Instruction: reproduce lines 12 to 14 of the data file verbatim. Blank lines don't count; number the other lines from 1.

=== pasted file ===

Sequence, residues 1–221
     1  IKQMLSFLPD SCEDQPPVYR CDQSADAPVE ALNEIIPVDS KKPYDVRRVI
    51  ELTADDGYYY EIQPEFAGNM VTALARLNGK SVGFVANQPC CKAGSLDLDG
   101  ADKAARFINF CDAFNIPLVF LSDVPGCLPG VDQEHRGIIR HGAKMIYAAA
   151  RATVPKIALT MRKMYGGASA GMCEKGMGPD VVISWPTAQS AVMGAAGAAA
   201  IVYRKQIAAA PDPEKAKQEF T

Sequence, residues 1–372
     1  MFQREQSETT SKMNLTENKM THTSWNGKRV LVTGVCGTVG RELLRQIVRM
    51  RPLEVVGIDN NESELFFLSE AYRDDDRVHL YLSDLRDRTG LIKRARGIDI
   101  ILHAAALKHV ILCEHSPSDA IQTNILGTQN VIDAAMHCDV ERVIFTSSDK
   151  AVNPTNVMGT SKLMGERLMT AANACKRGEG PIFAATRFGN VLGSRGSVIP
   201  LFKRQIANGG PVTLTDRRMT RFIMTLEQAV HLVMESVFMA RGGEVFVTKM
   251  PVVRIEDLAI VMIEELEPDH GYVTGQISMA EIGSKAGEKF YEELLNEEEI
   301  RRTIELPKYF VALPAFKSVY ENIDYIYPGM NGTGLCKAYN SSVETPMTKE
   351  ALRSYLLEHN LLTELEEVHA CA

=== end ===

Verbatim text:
   201  LFKRQIANGG PVTLTDRRMT RFIMTLEQAV HLVMESVFMA RGGEVFVTKM
   251  PVVRIEDLAI VMIEELEPDH GYVTGQISMA EIGSKAGEKF YEELLNEEEI
   301  RRTIELPKYF VALPAFKSVY ENIDYIYPGM NGTGLCKAYN SSVETPMTKE